In the past year, The Genetic Link has explored how genetics is linked to disease, drug response, bone marrow transplants, and even weight loss. I am constantly amazed at the number of new discoveries that link our genes to different aspects of our lives. This past month, I was surprised once again. I recently had the pleasure of speaking with a researcher who is doing some novel work in an area that most people would not associate with genetic research.
Martie Haselton, Ph.D. (in the photo to the right), directs the Evolutionary Psychology Laboratory at the University of California Los Angeles, where they investigate mate choice, female sexuality, and relationships from an evolutionary perspective. Dr. Haselton is known for her much-publicized research on the impact of biology on relationships. Some of her most recent publications include:
- Lieberman, D., Pillsworth, E.G., & Haselton, M.G. (in press). Kin affiliation across the ovulatory cycle: Females avoid fathers when fertile. Psychological Science.
- Durante, K.M., Li, N.P., & Haselton, M.G. (in press). Changes in women’s choice of dress across the ovulatory cycle: Naturalistic and laboratory task-based evidence. Personality and Social Psychology Bulletin.
- Bryant, G.A., & Haselton, M.G. (2009). Vocal cues of ovulation in human females. Biology Letters, 5, 12-15.
Dr. Haselton’s current research project uses the Oragene Self-Collection Kit. Her study explores a variety of questions that have to do with sex and gender in order to understand the genetic links to attraction and mate choice. She hopes to learn if (and how) our genes play a role in attraction and relationships. To learn this, she is looking at the major histocompatibility complex (MHC) which is a large genomic region that encodes MHC molecules. MHC genes make molecules that enable the immune system to recognize invaders. Therefore, the more diverse the MHC genes of the parents, the stronger the immune system of the offspring.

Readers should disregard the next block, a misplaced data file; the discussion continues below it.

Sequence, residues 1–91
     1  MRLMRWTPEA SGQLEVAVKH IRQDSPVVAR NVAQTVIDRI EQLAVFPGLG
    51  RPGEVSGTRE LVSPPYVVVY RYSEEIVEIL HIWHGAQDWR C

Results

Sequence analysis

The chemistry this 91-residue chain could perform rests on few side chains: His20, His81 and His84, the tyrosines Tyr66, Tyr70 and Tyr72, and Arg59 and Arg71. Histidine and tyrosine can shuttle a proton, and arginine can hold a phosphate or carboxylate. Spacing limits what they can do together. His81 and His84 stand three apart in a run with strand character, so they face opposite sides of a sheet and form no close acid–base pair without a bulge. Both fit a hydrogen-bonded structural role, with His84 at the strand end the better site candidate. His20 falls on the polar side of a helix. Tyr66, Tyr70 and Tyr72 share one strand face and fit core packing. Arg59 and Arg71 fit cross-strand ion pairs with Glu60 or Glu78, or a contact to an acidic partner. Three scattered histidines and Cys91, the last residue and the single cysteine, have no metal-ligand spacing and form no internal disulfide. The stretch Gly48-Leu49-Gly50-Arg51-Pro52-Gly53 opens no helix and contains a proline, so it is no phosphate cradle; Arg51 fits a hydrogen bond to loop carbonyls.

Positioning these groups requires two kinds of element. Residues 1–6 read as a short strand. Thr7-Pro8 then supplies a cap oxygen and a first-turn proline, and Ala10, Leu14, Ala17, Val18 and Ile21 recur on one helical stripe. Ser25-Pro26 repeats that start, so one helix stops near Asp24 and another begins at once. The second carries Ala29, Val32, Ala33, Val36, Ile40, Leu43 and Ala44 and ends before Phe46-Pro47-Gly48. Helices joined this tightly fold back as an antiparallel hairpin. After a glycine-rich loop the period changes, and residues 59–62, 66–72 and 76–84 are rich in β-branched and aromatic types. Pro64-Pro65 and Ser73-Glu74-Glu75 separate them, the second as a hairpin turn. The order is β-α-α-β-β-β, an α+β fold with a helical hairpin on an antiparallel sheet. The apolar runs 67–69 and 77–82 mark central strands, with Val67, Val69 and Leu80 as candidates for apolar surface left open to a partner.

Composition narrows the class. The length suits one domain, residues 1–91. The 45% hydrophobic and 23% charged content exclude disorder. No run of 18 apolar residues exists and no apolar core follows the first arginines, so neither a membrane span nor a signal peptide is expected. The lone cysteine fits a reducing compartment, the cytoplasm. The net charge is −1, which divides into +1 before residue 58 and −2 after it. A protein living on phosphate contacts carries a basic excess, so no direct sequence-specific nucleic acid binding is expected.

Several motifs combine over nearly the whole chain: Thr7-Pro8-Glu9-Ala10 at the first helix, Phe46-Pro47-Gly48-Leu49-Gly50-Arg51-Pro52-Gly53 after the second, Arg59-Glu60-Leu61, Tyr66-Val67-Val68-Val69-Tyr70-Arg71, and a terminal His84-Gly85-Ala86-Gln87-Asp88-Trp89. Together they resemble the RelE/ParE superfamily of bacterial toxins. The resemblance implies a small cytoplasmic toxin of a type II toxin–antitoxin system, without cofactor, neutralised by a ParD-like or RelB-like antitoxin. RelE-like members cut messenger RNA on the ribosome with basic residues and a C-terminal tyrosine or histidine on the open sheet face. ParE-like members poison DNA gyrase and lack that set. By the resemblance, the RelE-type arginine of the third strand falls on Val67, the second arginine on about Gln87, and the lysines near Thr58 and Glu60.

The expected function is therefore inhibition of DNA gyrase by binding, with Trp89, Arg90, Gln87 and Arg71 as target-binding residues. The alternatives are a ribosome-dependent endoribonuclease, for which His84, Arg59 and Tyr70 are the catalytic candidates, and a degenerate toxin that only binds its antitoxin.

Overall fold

Her project involves testing couples to see if they fall in love more quickly or are more intensely attracted to each other when they have dissimilar MHC genes. The couples involved in the research come to her UCLA lab where Dr. Haselton interviews them in order to understand their relationship and learn the information relevant to her study. These couples provide a saliva sample using Oragene so that she can determine if the level of similarity in their MHC genes can predict their relationship. She is collecting samples from a few hundred couples from the UCLA campus.
Dr. Haselton chose to use Oragene for this study because it preserves a large amount of DNA and offers non-invasive sample collection. The long-term storage at room temperature was also beneficial for Dr. Haselton as she realizes the data collected for this study might be more interesting down the road as the relationships of these couples evolve.
So what’s next for Dr. Haselton? She has already been collecting samples for some time now and needs participation from approximately 100 more couples over the next year to complete the project. When the DNA collection and analysis is complete, she hopes to publish her results. The timing of publication depends on the results of the DNA analysis. If the results show a clear link between a couple’s relationship and the level of similarity of their MHC genes, she expects to publish in approximately a year. If the results are not obvious and require further study, it could take an additional year for publication.
In the meantime, everyone at DNA Genotek looks forward to learning more about this unique area of genetic research.